Yandex’s corporate logo is well known to users of the Russian-language Internet. Source: Getty images/Fotobank
Russian Internet giant Yandex is taking its competition with Google to the next level. At the end of October, Yandex launched two different services for mobile application developers: an analytics system for mobile applications and a cloud-based system for app developers the company has dubbed “Cocaine.”
The analytics tool is actually an expansion of the Yandex.Metrica for Apps, which the company launched in 2009. The original Yandex.Metrica for Apps allowed website owners to analyze the behavior of users and the effectiveness of advertising campaigns.
Metrica for Apps, however, is designed to make it easier for developers to get feedback from users of their products on both Android platforms and Apple products. The service collects information on how apps are used and can sort the data with various filters including geo-location, application version, type and version of operating system, type of device (tablet or smartphone), model and the manufacturer, screen resolution, language, mobile provider, connection type, and the user’s actions and session.
In addition, the tool can identify any drawbacks of running the application on mobile devices. For example, it can show how many glitches Russian users experience per week when running the application on a tablet. App developers can receive data from Yandex.Metrica in real time or over a long period.
At that time, Segalovich was experimenting with different derivatives of words that described the essence of the technology. As a result, the team came up with “yandex” — adding the Russian letter “Ya,” which translates as “I,” to index. The name originally stood for “yet another index.”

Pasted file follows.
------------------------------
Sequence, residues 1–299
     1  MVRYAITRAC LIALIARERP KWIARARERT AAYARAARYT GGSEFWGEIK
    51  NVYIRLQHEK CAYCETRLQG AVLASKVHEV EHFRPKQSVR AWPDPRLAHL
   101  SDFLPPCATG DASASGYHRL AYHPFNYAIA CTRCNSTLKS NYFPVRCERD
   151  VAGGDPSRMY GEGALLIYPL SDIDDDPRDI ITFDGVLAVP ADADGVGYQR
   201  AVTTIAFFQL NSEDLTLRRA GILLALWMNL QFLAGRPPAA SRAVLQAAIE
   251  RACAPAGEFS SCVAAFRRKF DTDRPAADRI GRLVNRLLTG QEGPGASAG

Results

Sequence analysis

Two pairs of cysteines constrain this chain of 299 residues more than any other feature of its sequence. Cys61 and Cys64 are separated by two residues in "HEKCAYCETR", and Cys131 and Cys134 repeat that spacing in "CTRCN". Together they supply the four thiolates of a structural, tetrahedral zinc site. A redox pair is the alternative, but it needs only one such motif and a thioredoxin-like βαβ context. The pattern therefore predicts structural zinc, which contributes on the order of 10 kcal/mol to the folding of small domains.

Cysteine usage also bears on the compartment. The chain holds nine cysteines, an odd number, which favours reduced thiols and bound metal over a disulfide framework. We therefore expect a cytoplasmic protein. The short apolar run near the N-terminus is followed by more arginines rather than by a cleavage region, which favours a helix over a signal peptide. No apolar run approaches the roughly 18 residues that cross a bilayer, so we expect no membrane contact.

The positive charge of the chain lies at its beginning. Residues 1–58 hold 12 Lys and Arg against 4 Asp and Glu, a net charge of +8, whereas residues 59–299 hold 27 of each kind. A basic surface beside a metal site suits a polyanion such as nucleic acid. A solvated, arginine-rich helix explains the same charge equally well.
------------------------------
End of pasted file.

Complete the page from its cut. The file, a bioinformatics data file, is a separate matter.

Today, Yandex is synonymous with Internet search in Russia.
Unlike Google Analytics for mobile apps, Yandex.Metrica does not yet provide data on conversions (number of installations following a click on an ad) or performance (such as the number of users who make a purchase with an app). Yandex does plan to offer these features in the future.
“The next step in developing the service will be to offer marketing tools. With their help, developers will be able to see the traffic sources, funnels, conversions and much more,” a representative of the company’s press service said. Yandex.Metrika for applications is available for free to developers worldwide in English and Russian.
Cocaine, the name of Yandex’s new cloud service, is an acronym for Configurable Omnipotent Custom Applications Integrated Network Engine, but also reflects company hopes that the service will become addictive. The service, which will be used to create individualized cloud hosting applications, is an open source platform (PaaS) similar to Google App Engine or Heroku.
Nicholas Turubar, an expert on mobile technology, considers the new Yandex products the company’s attempt to increase its market position vis-à-vis Google. “By creating mobile metrics, Yandex seeks to consolidate its position on the international market of mobile applications and to support its own Yandex.Store,” Turubar said. “However, no one can predict how Google will react. There is a risk that the company will attempt to prevent its competitor from developing its own app store.”
Should this happen, Yandex will not be able to integrate with GooglePlay, the largest app store for devices with Android operating systems. Yandex.Store, launched in 2012, consists of two parts: one for developers and one for users. The store currently offers more than 85,000 applications, according to its official site.
There is a precedent for blocking Yandex applications. Facebook banned Yandex’s Wonder mobile app from receiving information about Facebook users within hours of the app’s launch.
At the beginning of this year, Yandex had 62 percent of the Internet search market in Russia, compared with 26 percent for Google. Yandex issued an I.P.O. on the Nasdaq exchange in 2011 and is currently valued at more than $11 billion.
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